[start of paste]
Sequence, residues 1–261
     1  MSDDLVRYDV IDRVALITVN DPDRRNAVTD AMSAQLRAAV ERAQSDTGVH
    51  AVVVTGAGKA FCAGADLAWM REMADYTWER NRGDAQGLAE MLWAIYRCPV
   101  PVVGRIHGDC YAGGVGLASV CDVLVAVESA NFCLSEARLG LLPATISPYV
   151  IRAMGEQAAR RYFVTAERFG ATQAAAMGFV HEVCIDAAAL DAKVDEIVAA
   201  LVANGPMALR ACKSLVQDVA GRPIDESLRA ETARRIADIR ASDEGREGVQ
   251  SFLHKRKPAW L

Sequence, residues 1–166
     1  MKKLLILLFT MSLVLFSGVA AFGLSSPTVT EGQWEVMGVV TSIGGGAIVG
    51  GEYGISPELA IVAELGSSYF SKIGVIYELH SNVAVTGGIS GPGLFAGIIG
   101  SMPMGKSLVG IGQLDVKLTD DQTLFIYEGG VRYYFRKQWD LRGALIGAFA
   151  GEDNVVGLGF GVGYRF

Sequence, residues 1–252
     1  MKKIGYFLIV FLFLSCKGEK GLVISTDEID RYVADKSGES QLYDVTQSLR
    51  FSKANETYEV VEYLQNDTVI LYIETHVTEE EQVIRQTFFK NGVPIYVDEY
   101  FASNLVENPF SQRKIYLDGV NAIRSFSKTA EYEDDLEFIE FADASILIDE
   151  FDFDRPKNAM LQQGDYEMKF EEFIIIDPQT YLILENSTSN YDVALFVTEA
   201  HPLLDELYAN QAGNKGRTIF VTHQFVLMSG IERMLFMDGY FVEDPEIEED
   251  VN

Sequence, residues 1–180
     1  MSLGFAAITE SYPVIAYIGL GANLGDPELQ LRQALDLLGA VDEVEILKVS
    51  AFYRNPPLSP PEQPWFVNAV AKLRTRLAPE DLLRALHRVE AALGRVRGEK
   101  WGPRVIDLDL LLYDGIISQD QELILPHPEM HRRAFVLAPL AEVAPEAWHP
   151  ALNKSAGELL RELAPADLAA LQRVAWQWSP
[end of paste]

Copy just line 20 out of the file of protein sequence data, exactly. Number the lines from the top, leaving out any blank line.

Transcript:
Sequence, residues 1–180